The Ventura Chamber’s Energy Committee continues to expand its focus on developing partnerships and relationships with stakeholders in the energy field. Inclusive of traditional and alternative energy providers, the Committee’s priority is to be a forum where community members are able to obtain factual information on energy and the importance of reliable and affordable sources of energy.
One of the topics at the July meeting was the economic impact to Ventura County from the energy industry. For example, the oil and gas industry employs 7,375 individuals within Ventura County. Total tax revenues from the industry segment are $862.9 million, funding local government, health and human services and education. In addition, millions of dollars in direct charitable contributions are provided for children and human services, education and community economic development. It is imperative that any discussion or potential action in reducing oil and gas resources include a strategy for the replacement of jobs, economic activity and tax revenues critical to the financial well-being of the community as well as how to build the infrastructure needed to deliver those resources to the consumers.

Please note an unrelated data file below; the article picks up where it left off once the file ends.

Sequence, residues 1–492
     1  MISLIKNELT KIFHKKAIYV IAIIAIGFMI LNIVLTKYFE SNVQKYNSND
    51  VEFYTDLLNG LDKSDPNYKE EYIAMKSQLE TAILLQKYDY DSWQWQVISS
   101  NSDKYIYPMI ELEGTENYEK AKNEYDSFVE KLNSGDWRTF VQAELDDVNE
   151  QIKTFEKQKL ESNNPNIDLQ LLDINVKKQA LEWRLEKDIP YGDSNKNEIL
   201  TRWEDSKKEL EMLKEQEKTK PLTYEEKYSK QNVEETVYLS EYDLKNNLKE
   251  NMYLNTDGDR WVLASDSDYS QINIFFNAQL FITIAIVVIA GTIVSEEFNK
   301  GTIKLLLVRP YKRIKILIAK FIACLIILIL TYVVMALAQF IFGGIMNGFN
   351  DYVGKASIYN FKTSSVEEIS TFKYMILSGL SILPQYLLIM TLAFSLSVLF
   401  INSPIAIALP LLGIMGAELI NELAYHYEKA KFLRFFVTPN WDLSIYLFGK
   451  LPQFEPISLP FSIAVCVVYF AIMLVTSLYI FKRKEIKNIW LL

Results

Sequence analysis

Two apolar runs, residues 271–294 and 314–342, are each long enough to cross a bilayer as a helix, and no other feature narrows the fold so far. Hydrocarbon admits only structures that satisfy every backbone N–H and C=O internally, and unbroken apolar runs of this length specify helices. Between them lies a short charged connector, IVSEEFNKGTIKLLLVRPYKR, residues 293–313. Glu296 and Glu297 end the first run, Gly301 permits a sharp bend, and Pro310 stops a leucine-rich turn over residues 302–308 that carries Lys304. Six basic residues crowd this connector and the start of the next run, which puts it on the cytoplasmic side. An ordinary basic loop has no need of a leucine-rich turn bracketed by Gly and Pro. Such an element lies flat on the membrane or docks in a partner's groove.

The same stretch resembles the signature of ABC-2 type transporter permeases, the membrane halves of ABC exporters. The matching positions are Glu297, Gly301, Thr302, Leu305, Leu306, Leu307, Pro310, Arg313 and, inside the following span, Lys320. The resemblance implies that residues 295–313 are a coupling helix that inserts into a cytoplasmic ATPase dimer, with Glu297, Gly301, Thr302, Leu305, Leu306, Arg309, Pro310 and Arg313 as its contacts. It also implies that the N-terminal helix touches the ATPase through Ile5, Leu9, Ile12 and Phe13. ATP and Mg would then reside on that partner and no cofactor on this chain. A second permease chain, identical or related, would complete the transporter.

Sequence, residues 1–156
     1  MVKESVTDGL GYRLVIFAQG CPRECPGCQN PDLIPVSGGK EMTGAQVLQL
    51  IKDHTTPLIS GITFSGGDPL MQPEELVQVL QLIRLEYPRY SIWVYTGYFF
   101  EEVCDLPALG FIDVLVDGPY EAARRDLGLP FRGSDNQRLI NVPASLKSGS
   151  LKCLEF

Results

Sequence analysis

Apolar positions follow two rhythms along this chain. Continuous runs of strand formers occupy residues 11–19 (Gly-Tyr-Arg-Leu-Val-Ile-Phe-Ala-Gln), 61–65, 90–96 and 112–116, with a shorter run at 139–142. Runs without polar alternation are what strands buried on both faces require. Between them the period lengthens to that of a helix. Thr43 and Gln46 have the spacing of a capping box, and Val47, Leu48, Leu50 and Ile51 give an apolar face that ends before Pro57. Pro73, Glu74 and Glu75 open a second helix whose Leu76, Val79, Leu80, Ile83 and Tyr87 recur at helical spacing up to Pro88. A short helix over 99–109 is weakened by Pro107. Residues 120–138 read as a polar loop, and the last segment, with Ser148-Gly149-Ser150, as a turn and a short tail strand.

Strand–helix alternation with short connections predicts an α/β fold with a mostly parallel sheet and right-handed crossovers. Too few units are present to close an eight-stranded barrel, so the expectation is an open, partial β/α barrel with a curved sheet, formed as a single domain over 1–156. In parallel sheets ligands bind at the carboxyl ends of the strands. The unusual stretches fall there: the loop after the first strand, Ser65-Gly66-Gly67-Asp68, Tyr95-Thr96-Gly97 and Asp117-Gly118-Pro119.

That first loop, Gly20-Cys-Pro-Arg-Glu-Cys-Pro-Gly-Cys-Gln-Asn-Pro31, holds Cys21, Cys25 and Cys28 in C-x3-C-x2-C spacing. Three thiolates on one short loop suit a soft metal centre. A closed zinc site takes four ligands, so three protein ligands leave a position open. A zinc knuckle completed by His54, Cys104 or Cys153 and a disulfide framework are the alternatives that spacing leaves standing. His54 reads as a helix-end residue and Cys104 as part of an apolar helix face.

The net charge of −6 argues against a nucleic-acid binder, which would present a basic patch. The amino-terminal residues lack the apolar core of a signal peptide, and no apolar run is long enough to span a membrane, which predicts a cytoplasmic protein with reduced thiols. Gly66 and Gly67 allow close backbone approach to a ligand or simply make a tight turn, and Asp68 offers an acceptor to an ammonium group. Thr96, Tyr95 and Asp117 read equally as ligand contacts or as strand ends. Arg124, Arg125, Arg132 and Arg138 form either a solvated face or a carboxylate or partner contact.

Water, more specifically available water and affordable water, continues to be a point of discussion and concern for both residents and businesses. The drought is having a direct impact on consumers with lower supplies and higher costs. Additionally, the current drought has also resulted in a 35% reduction in hydroelectric energy. As one of the least expensive methods for the generation of electric power, more expensive sources have been tapped to replace the lost power. This results in a negative impact on small business and lower income consumers, as prices rise to compensate for the higher costs. Other cost increases impacting consumers and affordability are the $6 billion needed for infrastructure upgrades to comply with new environmental and sustainability standards and the undetermined costs that will be associated with the mandated conversions necessary to meet the goal of producing 33% electric energy from renewal and alternative sources by 2020.
The State Legislature is currently in recess with hearings scheduled to recommence the first week of August. The Chamber is joining with other strategic partners to form coalitions addressing the concerns and unintended consequences of legislative actions. The Chamber will continue to work with local elected officials to reduce the duplication and incongruities in several of the pending bills, and to provide fact-based discourse regarding concerns related to bills in Sacramento.